In what could be a textbook case on how difficult it can be to fire a police officer, a former Opa-locka police sergeant who has been arrested three times, dismissed and reinstated five times and has a list of complaints against him longer than any other officer in the state is fighting to get his job back — again.
During his 20-year career, former Sgt. German “GB” Bosque has been accused of cracking the head of a handcuffed suspect, beating juveniles, hiding drugs in his police car, stealing from suspects, defying direct orders and lying and falsifying police reports. He once called in sick to take a vacation to Cancún.
So far, he has managed to keep his badge, although that may change next month when the Florida Department of Law Enforcement attempts to revoke his police certification.
Bosque, 49, was fired for the sixth time last year for allowing his future father-in-law to handle his department issued high-powered assault rifle.
Digital Access For Only $0.99
For the most comprehensive local coverage, subscribe today.
At an appeals hearing before an arbitrator Wednesday, Opa-locka Lt. Alex Hernandez said Bosque was told to turn in all his weapons last April after being relieved of duty in connection with another unrelated complaint filed against him. Bosque said that all his weapons and equipment were in his police vehicle — except for the assault rifle, an AR-15 with the power to fire 30 rounds at a clip.
“Daddy has it,’’ he allegedly said when asked where it was, explaining that he was referring to his fiancée Liddy’s father, a security guard who he said lives with him and his wife-to-be in North Miami.
The weapon was assigned to him by the department and, under police policy, Bosque is required to store the weapon in a safe place to protect it from “unauthorized use.’’ In addition, as part of a 2008 settlement allowing him to return to the force, he was warned that any future breach of department policy would be cause for dismissal, records show.
City attorney Joseph Geller said allowing a civilian to handle the department’s most lethal weapon clearly violated policy.
“This is not your buttons aren’t shining. This is not your shoes weren’t polished. This is not you did not snap the salute crisply ... This is an assault weapon capable of firing multiple high-velocity rounds,’’ Geller said.
The Miami-Dade Police Benevolent Association, which has successfully defended Bosque during his career, contends that the officer, for all practical purposes, stored the weapon in the safest place he could have stored it: in a locked warehouse in Opa-locka near the police station.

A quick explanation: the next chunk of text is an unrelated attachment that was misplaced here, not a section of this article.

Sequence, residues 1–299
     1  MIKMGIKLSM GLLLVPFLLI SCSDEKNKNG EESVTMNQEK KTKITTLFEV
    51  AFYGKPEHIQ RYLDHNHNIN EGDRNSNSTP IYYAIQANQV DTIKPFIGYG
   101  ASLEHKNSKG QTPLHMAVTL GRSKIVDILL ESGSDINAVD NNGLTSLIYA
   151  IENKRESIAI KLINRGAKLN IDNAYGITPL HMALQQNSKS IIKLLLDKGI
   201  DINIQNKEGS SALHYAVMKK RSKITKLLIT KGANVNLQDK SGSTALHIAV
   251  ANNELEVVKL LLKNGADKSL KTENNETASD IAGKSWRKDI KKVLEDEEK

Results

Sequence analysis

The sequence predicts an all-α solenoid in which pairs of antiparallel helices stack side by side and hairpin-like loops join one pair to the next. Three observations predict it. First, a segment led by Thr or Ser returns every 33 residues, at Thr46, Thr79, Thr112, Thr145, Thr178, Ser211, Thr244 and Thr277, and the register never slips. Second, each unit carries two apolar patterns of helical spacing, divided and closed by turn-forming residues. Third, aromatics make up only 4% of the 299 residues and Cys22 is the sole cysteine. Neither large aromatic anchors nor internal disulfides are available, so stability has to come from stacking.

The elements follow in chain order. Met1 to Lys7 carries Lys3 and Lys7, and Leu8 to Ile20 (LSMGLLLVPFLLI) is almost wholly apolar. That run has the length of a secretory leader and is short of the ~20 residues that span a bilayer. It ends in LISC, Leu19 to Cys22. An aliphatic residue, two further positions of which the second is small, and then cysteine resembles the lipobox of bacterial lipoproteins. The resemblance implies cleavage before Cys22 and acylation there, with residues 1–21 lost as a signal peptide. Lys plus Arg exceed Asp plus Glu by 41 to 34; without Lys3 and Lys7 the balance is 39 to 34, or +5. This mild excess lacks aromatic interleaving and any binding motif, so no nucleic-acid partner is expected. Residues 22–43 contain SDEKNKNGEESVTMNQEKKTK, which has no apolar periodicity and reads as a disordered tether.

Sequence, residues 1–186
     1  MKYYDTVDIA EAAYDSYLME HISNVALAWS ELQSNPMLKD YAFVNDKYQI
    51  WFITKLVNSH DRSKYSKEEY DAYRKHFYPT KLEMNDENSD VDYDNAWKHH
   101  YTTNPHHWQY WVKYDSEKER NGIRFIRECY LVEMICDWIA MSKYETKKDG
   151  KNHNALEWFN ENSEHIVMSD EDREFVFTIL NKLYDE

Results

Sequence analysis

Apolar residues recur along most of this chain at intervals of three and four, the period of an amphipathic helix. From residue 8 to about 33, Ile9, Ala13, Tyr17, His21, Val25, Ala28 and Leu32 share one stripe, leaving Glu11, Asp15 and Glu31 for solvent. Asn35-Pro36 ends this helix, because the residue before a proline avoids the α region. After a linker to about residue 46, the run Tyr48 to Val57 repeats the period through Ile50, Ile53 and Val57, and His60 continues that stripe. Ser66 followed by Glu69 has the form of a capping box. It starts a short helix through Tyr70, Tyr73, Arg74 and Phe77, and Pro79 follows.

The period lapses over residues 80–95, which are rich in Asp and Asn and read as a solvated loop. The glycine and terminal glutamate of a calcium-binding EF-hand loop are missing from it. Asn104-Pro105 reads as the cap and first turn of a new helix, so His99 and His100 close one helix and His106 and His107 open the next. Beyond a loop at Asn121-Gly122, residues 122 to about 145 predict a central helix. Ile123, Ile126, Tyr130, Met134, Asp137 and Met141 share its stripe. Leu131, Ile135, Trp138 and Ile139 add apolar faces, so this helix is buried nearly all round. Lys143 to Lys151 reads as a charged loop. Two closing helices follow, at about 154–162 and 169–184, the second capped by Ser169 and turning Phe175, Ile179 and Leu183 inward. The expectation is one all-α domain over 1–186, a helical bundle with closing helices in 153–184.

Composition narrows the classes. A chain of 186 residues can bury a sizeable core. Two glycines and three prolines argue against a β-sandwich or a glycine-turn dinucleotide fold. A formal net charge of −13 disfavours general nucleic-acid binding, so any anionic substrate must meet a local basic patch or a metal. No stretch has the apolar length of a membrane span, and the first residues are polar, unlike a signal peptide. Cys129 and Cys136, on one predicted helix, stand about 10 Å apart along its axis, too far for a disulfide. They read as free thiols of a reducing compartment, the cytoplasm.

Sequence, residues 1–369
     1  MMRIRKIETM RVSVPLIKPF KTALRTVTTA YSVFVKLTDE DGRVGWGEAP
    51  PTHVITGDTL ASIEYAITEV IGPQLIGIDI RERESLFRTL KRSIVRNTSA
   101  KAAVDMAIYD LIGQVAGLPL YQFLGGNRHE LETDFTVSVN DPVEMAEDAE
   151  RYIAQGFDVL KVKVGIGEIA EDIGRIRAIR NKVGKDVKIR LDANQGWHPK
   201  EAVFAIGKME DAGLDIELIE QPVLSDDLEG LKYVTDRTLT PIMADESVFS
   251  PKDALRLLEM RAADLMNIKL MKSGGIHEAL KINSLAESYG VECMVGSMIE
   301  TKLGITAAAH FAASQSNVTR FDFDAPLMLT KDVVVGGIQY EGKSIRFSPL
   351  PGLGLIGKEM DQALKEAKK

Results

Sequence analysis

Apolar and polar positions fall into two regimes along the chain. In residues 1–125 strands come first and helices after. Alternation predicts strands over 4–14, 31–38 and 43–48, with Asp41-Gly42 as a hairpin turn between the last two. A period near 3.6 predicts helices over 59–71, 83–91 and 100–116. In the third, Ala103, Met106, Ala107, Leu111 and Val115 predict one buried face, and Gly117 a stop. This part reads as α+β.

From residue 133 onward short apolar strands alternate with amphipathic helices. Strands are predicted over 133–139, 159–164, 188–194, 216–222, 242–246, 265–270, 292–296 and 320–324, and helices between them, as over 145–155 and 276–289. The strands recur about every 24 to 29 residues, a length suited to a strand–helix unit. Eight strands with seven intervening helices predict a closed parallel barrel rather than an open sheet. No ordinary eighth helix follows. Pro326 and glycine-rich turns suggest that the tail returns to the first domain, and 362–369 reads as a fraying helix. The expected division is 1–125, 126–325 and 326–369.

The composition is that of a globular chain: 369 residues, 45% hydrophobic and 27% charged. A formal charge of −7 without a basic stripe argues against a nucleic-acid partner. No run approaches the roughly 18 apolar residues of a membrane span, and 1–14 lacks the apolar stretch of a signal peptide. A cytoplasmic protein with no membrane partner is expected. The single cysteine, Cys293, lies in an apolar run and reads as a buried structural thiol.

Andrew Axelrad, attorney for the police union, also argued that the department violated Bosque’s rights, failed to conduct an adequate investigation and used the incident as an excuse to try to fire him because his past had gained him notoriety in the media.
“All the police department has to do is do a thorough and fair investigation, which would have concluded he did nothing wrong,’’ Axelrad said. “The idea that he’s the poster boy is only because the city has conducted lousy upon lousy investigations. There is a reason he has had his job awarded back to him.’’
His future father-in-law, David A. Reynolds, 55, is a security guard employed by Commercial Security Services, a security firm owned by Bosque.
Reynolds is licensed to carry a firearm while on the job but is not authorized to carry a high-powered assault weapon. Court records show he has been arrested twice on charges of theft, in 2004 and 2006. Both times adjudication was withheld. He did not serve jail time.
Bosque told his commanders that he gave the rifle to Reynolds for safekeeping when he became concerned about leaving it in his police car while his car was being serviced in the department’s motor pool.
He also gave Reynolds a bulletproof police vest with the word “POLICE” on the back.
But Axelrad said that Bosque stored the rifle in the locked trunk of Reynolds’ Toyota Corolla sedan, which was parked inside a secure concrete warehouse that Bosque uses to for his business. Only Bosque and Reynolds held keys to the warehouse, Axelrad said.
The arbitrator did not make a decision Wednesday.
Bosque, who was fired in October, is not collecting a salary. But each time he has faced trouble in the past, he has been reinstated with back pay after an arbitrator ruled in his favor. He has served under 15 different police chiefs in a department that has been plagued by scandal.
“I love being a policeman. I love looking in the mirror and the person I see,” he said in an interview with The Herald last year.
He likened the effort to have him fired to a “witch-hunt,” saying that any excessive force he’s used in the past was necessary for the safety of himself and others.
He is currently under criminal investigation, accused of battering a suspect involved in a domestic dispute.
“I don’t want bad cops out there either,’’ Axelrad said. “But if an officer hasn’t done anything wrong and is being railroaded he should have an opportunity to clear his name.’’